It seems that as long as I can remember there has been a general fear surrounding the future of AI.
It is hard to pin point an exact media source or article, but it feels that it is an omnipresent feeling.
It's a sentiment that's been reflected in our films. Whether it's Will Smith escaping robots, Tom Cruise fleeing from his own minority report, or whatever the hell happened in Ex Machina. Why are humans, and Hollywood, constantly running away, or at least trying to run away and failing miserably, from AI?
Maybe because the common depiction of AI has been some form of sentient robot, pursuing the honest citizen with a Chucky-esque determination and vengefulness. Wait... was Chucky AI too?
I feel that this image of AI, Chucky included, has been quite problematic.
Perhaps the fears that underly it are reasonable, namely that we as humans are transgressing informational boundaries that have the potential to override the very nature of humanity, and confuse our own perceptions of consciousness. However, I believe that these overly personified depictions are a problem.
Take Machine Learning for example. Consultants don't go to work with the intention of building all knowing humanoids. Instead they create powerful models that can contextualise, understand and eventually learn from mass streams of data. The fears that these capabilities could someday contribute to a frightening future in AI could be a valid one, but it doesn't feel or look like it to us.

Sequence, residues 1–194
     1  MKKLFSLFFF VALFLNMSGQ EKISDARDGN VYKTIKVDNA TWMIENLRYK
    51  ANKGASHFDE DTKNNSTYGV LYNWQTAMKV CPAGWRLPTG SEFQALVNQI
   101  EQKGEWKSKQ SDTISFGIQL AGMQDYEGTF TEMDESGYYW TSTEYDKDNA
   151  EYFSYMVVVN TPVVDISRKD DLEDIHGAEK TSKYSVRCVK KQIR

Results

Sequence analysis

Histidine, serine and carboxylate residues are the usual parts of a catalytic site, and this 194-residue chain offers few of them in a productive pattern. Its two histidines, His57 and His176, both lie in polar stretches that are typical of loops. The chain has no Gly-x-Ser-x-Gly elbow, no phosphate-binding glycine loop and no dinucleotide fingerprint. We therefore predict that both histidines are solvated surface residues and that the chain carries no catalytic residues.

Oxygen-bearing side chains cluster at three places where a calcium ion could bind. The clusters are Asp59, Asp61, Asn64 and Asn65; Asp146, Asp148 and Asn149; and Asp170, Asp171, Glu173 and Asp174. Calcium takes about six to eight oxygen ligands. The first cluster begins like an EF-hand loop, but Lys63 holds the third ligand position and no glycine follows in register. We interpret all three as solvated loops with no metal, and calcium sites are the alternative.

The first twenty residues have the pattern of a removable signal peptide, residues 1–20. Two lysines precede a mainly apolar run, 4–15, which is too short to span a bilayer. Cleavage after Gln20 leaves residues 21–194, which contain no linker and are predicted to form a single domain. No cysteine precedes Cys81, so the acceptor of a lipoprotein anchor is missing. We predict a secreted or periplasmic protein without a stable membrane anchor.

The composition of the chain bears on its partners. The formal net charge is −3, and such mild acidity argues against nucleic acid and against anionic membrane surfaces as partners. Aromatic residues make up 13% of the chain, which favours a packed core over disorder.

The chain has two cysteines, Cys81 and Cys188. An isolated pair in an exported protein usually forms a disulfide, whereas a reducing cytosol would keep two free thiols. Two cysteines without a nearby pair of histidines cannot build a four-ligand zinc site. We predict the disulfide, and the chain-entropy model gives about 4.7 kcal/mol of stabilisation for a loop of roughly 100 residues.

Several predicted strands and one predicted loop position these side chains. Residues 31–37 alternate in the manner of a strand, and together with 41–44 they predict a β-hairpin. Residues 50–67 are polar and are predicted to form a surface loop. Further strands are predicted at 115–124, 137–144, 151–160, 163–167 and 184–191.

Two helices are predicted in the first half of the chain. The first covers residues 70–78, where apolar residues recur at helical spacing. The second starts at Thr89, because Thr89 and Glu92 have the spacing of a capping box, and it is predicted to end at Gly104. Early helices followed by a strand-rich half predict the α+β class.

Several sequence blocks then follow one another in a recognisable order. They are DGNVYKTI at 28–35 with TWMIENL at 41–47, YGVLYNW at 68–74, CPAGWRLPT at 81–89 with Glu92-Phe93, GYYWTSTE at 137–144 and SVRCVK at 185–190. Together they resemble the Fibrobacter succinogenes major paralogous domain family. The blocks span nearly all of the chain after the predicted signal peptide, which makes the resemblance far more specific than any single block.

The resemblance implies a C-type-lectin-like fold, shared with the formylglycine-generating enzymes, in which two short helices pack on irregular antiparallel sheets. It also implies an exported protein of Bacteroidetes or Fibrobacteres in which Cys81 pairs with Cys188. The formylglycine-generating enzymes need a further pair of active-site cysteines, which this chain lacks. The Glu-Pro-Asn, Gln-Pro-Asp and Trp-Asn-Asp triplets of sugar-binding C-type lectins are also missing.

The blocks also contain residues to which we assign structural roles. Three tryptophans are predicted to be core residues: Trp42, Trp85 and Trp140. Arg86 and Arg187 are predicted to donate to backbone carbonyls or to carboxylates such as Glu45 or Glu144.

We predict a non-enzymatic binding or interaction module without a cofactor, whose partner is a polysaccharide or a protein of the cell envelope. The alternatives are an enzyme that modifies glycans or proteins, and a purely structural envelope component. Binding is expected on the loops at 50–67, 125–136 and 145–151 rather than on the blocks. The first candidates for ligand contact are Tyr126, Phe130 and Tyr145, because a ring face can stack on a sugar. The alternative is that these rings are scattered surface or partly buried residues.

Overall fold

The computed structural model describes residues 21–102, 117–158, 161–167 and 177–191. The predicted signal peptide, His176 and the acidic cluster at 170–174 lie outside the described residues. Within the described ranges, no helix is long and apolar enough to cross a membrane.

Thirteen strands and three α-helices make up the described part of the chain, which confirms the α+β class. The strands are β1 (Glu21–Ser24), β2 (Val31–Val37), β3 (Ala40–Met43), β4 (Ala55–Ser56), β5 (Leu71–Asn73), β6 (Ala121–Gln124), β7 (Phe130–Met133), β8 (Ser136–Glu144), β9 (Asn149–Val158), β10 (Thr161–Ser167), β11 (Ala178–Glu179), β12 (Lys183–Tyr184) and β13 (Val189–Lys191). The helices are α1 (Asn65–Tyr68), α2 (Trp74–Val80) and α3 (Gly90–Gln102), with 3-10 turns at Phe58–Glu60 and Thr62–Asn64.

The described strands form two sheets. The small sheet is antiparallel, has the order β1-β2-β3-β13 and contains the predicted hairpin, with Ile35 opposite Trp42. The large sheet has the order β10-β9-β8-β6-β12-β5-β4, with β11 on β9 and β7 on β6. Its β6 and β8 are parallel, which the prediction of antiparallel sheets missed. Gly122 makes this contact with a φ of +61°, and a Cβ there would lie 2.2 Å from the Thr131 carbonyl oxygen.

Surely, by assigning a wrongful, or at least exaggerated image onto these capabilities, it makes legitimate concerns lose a certain relevancy that is essential in adequately informing policy and societal perspective?
For me, the debate isn’t just how it will affect us, but the effects it will cause us to have on ourselves.
I also feel that AI could be better understood if there is a stronger understanding of what it is today, not just what it could be in the future,
They say that beauty is in the eye of the beholder. The same also seems to go for consciousness.
Historically, some facets of consciousness have been deemed more important than others in the make up of our societal norms.
Animals are a good example of this. We all clap when a pig learns new tricks, we even ascribe it with humanistic tendencies that legitimize it's consciousness, and yet the mass production of pork is somehow justified as a bi-product of an innate human superiority in sentience.
Consciousness from this perspective doesn’t have an empirical connotation, but has been an intangible, and rather hypocritical, stream of thought that is constantly differing to justify and explain the world that we have created ourselves.
How can we fear consciousness in other things, if we don't understand it in ourselves?
All of this is not to say that current fears surrounding the future of AI should be dismissed, and that the worst case scenarios will not happen, because they very well could.
It's simply to say that we may have to begin informing the way people perceive these technologies, so that at least we can put an accurate face to the fears, and accurate emotions to the face.
Like this, we can at least address and shape existing technologies, instead of constantly running away from an ominous future.
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